The Arab world will finally have its equivalent of World of Warcraft after Tahadi Games, a venture owned by Jabbar Internet Group.
Chance encounter creates gaming firm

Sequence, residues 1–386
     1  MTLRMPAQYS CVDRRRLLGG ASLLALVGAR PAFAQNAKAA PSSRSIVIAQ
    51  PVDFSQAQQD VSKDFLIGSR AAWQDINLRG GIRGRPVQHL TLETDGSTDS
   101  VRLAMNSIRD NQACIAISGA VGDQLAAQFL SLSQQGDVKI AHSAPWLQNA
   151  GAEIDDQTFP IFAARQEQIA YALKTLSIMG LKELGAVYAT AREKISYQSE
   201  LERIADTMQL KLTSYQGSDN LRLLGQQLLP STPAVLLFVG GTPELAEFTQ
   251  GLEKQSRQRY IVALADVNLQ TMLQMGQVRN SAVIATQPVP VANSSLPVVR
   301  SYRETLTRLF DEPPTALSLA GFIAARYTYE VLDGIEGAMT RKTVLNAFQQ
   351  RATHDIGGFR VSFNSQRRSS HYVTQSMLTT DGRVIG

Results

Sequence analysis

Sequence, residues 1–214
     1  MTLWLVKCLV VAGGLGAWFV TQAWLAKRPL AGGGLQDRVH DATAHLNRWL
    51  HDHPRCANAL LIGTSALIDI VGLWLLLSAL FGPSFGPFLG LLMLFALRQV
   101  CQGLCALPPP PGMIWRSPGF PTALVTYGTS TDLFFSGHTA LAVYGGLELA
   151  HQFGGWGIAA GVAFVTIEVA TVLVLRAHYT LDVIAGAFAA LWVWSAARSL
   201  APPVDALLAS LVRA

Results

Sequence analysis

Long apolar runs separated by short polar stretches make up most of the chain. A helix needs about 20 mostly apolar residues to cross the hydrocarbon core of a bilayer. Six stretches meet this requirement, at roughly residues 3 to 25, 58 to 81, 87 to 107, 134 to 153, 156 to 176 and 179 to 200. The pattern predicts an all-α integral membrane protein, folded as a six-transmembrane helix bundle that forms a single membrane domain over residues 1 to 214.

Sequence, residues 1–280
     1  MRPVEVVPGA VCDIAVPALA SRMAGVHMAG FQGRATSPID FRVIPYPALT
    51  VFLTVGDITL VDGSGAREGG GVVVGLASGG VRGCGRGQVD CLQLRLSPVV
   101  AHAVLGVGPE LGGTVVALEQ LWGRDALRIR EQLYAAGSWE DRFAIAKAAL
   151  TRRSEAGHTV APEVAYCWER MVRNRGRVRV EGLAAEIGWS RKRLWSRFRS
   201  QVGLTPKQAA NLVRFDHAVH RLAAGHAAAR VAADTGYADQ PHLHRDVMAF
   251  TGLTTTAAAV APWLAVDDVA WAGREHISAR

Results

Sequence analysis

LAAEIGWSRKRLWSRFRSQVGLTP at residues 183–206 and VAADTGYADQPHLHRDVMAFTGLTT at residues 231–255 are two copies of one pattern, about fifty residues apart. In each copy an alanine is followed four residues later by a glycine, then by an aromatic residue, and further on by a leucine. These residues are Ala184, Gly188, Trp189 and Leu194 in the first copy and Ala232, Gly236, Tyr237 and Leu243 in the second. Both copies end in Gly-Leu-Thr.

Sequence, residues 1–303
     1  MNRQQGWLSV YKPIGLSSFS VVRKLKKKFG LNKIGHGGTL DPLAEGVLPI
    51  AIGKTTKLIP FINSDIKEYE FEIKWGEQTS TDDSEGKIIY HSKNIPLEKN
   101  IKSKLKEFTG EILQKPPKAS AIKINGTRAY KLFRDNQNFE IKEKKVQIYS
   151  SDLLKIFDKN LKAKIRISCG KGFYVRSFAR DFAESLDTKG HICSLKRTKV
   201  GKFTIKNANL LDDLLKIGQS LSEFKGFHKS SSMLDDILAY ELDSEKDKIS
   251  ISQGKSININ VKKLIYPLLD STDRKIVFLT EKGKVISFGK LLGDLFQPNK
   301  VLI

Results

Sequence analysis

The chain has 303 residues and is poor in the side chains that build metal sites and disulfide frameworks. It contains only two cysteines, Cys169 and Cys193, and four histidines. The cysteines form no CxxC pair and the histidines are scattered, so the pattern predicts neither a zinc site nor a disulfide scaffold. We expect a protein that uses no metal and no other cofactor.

About two years ago, the Maktoob chief executive Samih Toukan had a chance encounter with the online video game publisher Steve Tsao in a Shanghai airport terminal. Over the next 30 minutes and a couple of cups of coffee they had an enlightening chat, with Mr Toukan discussing opportunities in the Middle East online market and Mr Tsao outlining the online gaming business. "We just clicked," Mr Toukan recounted. "And now, here we are." Where they are is in a partnership called Tahadi Games, a venture operated by Mr Toukan's Jabbar Internet Group, a conglomerate of online properties created as a by-product of Yahoo's acquisition of the internet company Maktoob last year. "From an outsider's perspective, this is one of the vast, massive markets left that is untapped," Mr Tsao, now the chief executive of Tahadi Games, said of the Gulf region. "Everywhere else is very saturated." The global online gaming market may be worth US$13 billion (Dh47.74bn) by 2013. The mandate for Tahadi will be to develop online games for Middle East audiences. The lack of market penetration has left what Mr Toukan described as an open field in the Gulf. It is the first major announcement from Jabbar since its acquisition by Yahoo. "We see a great opportunity here," Mr Toukan said. "You're talking about one million online gamers [in the Middle East] without any Arabic games. When you start introducing [Arabic] games here, our projections say that we'll see tens of millions of gamers in the next few years." The company has already launched Ragnarok, a massive-multiplayer online role-playing game (MMORPG) customised for Middle-Eastern audiences. It has registered more than 50,000 users since its launch three months ago. The company will also be launching Runes of Magic, the second most popular game in the world, early next year. "The business models of these games has been successful," Mr Toukan said. "There's been a number of them released in Europe and Asia and they are profitable. From an investor's point of view, there's a lot of return in the next few years." Online gaming companies generally receive their revenues from monthly subscriptions, online advertising and in-game item purchases. Still, fans looking to play World of Warcraft, the most popular MMORPG in the world with more than 11.5 million registered users, in Arabic may be disappointed. Mr Tsao, an avid player, said the game's publisher, Blizzard Entertainment, had told him the return on investment from hiring an engineering team to modify the game did not make financial sense yet. Jabbar, which is co-owned and operated by Mr Toukan, includes a group of former Maktoob properties that were not part of the Yahoo deal and was founded with $20 million of funding from its shareholders. The question is whether lightning will strike twice for Mr Toukan, whose cachet in the regional technology sector has soared since the Yahoo deal was announced. "The model we're taking at Jabbar is that we're investing money, but it's not only money," he said. "These entrepreneurs need our experience in dealing with the Arab market. We learned a lot with Maktoob at how to deal with this market, governments and users in different countries." @Email:email@example.com